Hamilton prepares to dive into the water. Photo courtesy Jack Hamilton.
Senior Jack Hamilton’s been representing MIHS under the sea by plunging into the unique world of scuba diving in the Pacific Northwest.
Jack has been wanting to go underwater ever since he and his family went snorkeling in Hawaii as a child. Once he started volunteering alongside professional and casual divers at the Seattle Aquarium, Hamilton decided it was time to pursue a certification through the Professional Association of Diving Instructors.
Ever since his very first plunge at Cove 2 in Seacrest Park, a marina in West Seattle, Hamilton’s been hard at work climbing the ranks and after a little under a year’s effort, he’s received his Advanced Open Water certification at the time of writing.
For the time being, his goal is to attain his Master Diver certification, which is the highest non-professional license available.
“But a professional certification would be cool for a college job,” Hamilton said.
While that goal may seem far away, Hamilton’s closer than a lot of people. After Advanced Open Water and Rescue Diver, he’ll be eligible to apply to become a Master.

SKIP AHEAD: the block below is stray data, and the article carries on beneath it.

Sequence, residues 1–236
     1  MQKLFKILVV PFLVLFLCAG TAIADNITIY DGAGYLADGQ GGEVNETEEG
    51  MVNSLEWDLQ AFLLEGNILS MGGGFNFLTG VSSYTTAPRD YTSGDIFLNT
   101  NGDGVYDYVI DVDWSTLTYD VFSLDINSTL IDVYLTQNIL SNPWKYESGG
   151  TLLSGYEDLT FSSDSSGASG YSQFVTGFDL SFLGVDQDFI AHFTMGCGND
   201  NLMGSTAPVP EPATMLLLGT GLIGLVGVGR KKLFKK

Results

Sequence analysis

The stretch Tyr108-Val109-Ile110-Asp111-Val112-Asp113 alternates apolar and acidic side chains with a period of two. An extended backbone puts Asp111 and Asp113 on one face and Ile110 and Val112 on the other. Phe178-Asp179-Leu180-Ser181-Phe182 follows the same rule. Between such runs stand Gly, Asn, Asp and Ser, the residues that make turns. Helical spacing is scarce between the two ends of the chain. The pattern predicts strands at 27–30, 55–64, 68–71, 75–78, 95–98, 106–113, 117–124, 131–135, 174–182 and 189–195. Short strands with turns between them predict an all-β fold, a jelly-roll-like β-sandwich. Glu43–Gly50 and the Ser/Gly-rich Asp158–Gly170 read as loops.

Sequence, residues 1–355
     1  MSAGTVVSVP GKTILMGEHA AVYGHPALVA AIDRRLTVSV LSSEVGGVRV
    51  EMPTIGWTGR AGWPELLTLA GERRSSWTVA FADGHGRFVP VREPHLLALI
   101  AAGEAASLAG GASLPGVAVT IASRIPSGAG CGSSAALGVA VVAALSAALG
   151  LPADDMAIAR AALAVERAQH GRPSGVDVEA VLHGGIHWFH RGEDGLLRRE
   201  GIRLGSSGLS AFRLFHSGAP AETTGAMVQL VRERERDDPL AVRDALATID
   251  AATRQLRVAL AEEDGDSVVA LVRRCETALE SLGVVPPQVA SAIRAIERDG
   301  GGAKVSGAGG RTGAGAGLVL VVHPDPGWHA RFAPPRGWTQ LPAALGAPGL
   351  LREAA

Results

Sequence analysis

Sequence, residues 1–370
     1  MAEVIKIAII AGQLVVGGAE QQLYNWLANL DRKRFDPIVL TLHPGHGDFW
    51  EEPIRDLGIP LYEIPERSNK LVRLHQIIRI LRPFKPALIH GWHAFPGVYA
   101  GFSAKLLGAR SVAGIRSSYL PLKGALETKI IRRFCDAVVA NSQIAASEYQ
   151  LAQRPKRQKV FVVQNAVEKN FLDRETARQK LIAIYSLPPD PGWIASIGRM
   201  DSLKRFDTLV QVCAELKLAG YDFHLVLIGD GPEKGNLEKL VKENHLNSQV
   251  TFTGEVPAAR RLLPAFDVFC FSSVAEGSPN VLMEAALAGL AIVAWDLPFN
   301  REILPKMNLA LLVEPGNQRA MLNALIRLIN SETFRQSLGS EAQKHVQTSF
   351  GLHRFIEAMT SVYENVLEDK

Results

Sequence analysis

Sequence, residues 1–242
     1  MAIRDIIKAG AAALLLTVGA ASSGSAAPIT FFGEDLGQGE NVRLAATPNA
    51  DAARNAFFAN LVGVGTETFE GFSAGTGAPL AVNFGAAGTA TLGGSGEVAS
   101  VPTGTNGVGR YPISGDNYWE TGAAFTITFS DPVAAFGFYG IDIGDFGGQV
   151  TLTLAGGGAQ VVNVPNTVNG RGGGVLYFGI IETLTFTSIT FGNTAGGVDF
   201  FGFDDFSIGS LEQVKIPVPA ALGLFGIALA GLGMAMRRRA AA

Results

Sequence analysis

Divers like Jack face significant pressure. During one of his last dives for Advanced Open Water, his nose started gushing blood due to underwater pressure. As his mask started turning red, he had to flood it with sea water to see clearly again. By staying calm throughout, he was able to successfully manage the frightening situation with ease.
Not all diving is that stressful, however. Hamilton finds breathing through a regulator to be relaxing, especially when combined with the floating sensation of being underwater. “It’s kinda like being in outer space but you get to see fish” he said.
In the Pacific Northwest, several factors are important to keep in mind when planning out a dive. The water here is frigid — in the Puget Sound, a wetsuit is a must — and for more advanced operations, Hamilton prefers a drysuit.
Visibility can also be an issue with large amounts of sediment and algae that make the water quite murky. Hamilton recommends Des Moines as a local dive spot that’s clearer than the average fare. He’s seen a couple Giant Pacific Octopuses roaming through the area as well.
For those curious about diving, Hamilton says you might as well try it.
“Trust yourself and your instincts about what feels healthy,” he recommended. Diving might not be for everyone, but it can be a rewarding pastime if you put enough time into it.